Speak Out: If the cause is just, people listen
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Jul 25, 2013 | 2161 views |  0 comments | 22 22 recommendations | email to a friend | print
When a man stands up for the security of his neighborhood and his own personal safety, some say it is wrong. When that man shoots a juvenile in self-defense, some say he should be punished, that the law is wrong, even though many juveniles are tried as adults every year.

The voices of thousands rise up in opposition to this law that allows a man to shoot a person in self-defense rather than run away. Many spend money and time to demonstrate their feelings that this law is wrong. The facts of the case do not seem to be important.

The fact that a man was trying to protect his neighborhood from an attack does not matter. The fact that the juvenile attacked the man, bloodying his face, does not matter. Where are their cries of injustice for the thousands of people killed every year because they were unarmed and unable to protect themselves from those who prey on the weak and helpless? Their cries for justice in earlier years were heard and supported by fair-minded people. Their cries for fairness in life and pursuit of happiness were heard and supported.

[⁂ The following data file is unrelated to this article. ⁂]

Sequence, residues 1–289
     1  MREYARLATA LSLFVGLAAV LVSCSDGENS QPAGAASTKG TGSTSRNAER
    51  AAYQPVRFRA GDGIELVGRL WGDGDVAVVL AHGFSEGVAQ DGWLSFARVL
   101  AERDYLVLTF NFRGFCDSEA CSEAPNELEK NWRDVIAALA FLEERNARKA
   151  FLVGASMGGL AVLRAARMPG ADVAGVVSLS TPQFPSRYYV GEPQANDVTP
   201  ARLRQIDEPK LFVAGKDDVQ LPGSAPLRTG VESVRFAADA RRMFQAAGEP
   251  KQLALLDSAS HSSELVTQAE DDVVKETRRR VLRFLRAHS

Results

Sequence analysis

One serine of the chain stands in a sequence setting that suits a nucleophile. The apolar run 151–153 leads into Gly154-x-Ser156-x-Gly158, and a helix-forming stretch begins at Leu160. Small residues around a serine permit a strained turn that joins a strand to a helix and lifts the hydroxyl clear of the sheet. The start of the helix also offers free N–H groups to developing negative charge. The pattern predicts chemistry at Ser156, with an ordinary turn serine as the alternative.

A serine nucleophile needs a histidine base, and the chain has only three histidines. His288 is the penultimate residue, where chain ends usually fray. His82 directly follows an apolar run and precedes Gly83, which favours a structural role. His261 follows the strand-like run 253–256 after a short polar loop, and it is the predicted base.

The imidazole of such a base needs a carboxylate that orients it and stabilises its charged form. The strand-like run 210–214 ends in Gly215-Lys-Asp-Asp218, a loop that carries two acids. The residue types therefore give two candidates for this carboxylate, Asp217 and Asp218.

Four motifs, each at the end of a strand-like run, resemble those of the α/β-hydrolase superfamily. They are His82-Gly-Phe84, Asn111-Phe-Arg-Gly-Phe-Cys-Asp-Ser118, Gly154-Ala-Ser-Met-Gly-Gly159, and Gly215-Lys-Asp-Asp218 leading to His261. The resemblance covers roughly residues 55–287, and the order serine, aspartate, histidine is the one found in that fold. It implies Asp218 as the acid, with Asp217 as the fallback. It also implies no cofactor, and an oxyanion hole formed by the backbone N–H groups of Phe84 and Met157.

However, this display proves one thing to me: The idea of fairness, justice and equality for many in the minority community is in serious question. A man killing another man in self-defense makes their leaders look simple-minded, their cause unjust and their ideas of fair play as far off the mark as the Old South’s ideas of fairness during the 1960s.

When a group demonstrates for a real and just purpose, fair-minded people listen. However, when the reasons for demonstration are transparent and self-serving, they do not.

Donald Cox
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